Furnham, A., Richards, S. C., & Paulhus, D. L. (2013). The Dark Triad of personality: A 10 year review. Social and Personality Psychology Compass, 7(3), 199-216.
Hickey, E. W. (2013). Serial murderers and their victims. Cengage Learning.
James, S., Kavanagh, P. S., Jonason, P. K., Chonody, J. M., & Scrutton, H. E. (2014). The Dark Triad, schadenfreude, and sensational interests: Dark personalities, dark emotions, and dark behaviors. Personality and Individual Differences, 68, 211-216.
Jonason, P. K., & Kavanagh, P. (2010). The dark side of love: Love styles and the Dark Triad. Personality and Individual Differences, 49(6), 606-610.
Kavanagh, P. S., Signal, T. D., & Taylor, N. (2013). The Dark Triad and animal cruelty: Dark personalities, dark attitudes, and dark behaviors. Personality and Individual Differences, 55(6), 666-670.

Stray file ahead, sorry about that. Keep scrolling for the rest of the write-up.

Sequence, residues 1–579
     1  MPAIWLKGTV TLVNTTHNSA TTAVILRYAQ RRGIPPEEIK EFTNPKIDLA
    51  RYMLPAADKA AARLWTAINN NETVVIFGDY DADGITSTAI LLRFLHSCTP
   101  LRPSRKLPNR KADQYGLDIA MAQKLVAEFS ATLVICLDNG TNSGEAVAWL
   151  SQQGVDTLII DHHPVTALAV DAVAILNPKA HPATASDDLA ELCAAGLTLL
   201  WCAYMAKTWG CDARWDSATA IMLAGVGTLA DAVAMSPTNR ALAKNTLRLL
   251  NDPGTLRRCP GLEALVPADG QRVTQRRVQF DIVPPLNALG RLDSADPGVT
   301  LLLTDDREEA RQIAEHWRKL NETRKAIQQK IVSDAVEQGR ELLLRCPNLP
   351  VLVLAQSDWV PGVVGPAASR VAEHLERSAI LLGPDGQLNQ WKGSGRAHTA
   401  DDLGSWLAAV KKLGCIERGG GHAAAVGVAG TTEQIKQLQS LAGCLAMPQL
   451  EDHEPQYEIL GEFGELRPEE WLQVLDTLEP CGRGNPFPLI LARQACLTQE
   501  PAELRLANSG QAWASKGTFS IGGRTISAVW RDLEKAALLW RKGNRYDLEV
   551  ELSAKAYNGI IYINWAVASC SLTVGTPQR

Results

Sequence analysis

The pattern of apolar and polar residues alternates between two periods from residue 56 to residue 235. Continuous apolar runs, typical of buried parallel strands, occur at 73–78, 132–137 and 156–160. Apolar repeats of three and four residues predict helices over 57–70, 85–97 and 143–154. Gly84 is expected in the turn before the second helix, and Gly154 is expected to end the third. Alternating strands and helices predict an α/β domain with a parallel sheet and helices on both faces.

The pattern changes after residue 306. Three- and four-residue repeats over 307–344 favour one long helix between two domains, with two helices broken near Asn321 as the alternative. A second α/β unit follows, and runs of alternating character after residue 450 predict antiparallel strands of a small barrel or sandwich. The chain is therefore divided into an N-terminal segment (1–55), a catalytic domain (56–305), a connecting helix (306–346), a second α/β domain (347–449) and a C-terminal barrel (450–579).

Macdonald, J.M. (1963). The threat to kill. American Journal of Psychiatry, 120, 125-130.
Patterson‐Kane, E. G., & Piper, H. (2009). Animal abuse as a sentinel for human violence: A critique. Journal of Social Issues, 65(3), 589-614.
Ressler, R., Burgess, A., & Douglas, J. (1988). Sexual homicide: Patterns and motives. Lanham, MD: Lexington Books.
Schedel-Stupperich, A. (2002). [Criminal acts against horses – phenomenology and psychosocial construct]. Dtsch Tierarztl Wochenschr, 109, 116-119.
Wochner, M. & Klosinski, G. (1988). Child and adolescent psychiatry aspects of animal abuse (a comparison with aggressive patients in child and adolescent psychiatry). Schweiz Arch Neurol Psychiatry, 139(3), 59-67.